Thu, July 09, 2009
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G8: world economy faces significant risks

2009-07-09 01:04:42 GMT2009-07-09 09:04:42 (Beijing Time)  Xinhua English

Germany's Chancellor Angela Merkel is pictured at the opening of a round table session at the G8 summit in L'Aquila July 8, 2009. (Xinhua/Reuters Photo)

Italian Prime Minister Silvio Berlusconi (R) and French President Nicolas Sarkozy arrive at the main conference hall of the G8 summit in l'Aquila, Italy, July 8, 2009. Leaders of the G8 industrialized countries began their summit on Wednesday, with the world economic crisis and climate change at the top of their three-day agenda. (Xinhua/Pool)

U.S. President Barack Obama (L) and British Prime Minister Gordon Brown arrive at the main conference hall of the G8 summit in l'Aquila, Italy, July 8, 2009. Leaders of the G8 industrialized countries began their summit on Wednesday, with the world economic crisis and climate change at the top of their three-day agenda. (Xinhua/Pool)

President of the European Commission Jose Manuel Barroso (L) and Sweden's Prime Minister Fredrik Reinfeldt, whose country is holding the rotating presidency of the European Union, attend a joint news conference in L'Aquila, Italy, July 8, 2009. The press conference prior to the G8 summit, to be held here on July 8-10, covered major topics to be discussed during the summit. (Xinhua/Zeng Yi)

L'AQUILA, Italy, July 8 (Xinhua) -- Leaders from the Group of Eight (G8) rich countries said on Wednesday that the world economy still faces significant risks despite signs of stabilization.

"While there are signs of stabilization, including a recovery of stock markets, a decline in interest rate spreads, improved business and consumer confidence, the situation remains uncertain and significant risks remain to economic and financial stability," the leaders said in a declaration concluding their first-day meeting at a summit in the central Italian town of L'Aquila.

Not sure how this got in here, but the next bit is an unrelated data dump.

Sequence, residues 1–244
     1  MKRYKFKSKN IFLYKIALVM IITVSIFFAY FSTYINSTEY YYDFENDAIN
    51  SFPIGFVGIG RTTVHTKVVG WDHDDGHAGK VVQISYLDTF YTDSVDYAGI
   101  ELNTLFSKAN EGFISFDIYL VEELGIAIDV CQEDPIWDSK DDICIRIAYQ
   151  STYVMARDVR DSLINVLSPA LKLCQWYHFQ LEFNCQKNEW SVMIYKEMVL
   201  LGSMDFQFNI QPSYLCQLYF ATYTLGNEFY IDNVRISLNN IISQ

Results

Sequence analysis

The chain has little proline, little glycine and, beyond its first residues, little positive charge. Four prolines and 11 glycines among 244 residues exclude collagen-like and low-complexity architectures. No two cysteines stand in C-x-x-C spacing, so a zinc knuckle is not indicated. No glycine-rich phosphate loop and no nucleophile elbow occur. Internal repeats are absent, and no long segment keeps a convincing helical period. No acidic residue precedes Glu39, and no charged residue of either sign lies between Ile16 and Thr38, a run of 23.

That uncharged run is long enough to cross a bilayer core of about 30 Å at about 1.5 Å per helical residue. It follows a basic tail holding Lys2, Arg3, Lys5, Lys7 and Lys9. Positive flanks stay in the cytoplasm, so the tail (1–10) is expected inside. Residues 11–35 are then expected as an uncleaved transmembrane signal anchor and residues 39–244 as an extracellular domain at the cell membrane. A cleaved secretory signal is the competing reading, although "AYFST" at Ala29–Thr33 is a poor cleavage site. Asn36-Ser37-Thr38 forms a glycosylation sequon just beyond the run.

The financial crisis, which broke out last autumn, has dragged the global economy in a deep recession that the world has never seen since the World War II, prompting governments to take unprecedented and concerted action to ensure recovery and repair financial systems.

In a forecast released Wednesday, the International Monetary Fund (IMF) sounded upbeat about a recovery next year, saying global economy is starting to pull out of the recession.

It was estimated that the world economic growth will recover to2.5 percent in 2010, rather than the 1.9 percent predicted in a previous forecast.

However, the IMF still expects the global economy to contract 1.4 percent this year, signaling the recovery would be sluggish.

"The global economy is beginning to pull out of a recession unprecedented in the post-World War II era, but stabilization is uneven and the recovery is expected to be sluggish," the Washington-based institution said.

In face of significant risks, the G8 leaders pledged to take necessary steps, including further stimulus measures, to return the global economy to a strong, stable and sustainable growth path, adding fiscal sustainability in the medium term should also be ensured.

"We will take, individually and collectively, the necessary steps to return the global economy to a strong, stable and sustainable growth path, including continuing to provide macroeconomic stimulus consistent with price stability and medium-term fiscal sustainability," they said.

The leaders also agreed on the need to prepare appropriate "exit strategies" for unwinding the extraordinary policy measures taken to respond to the crisis once the recovery is assured.

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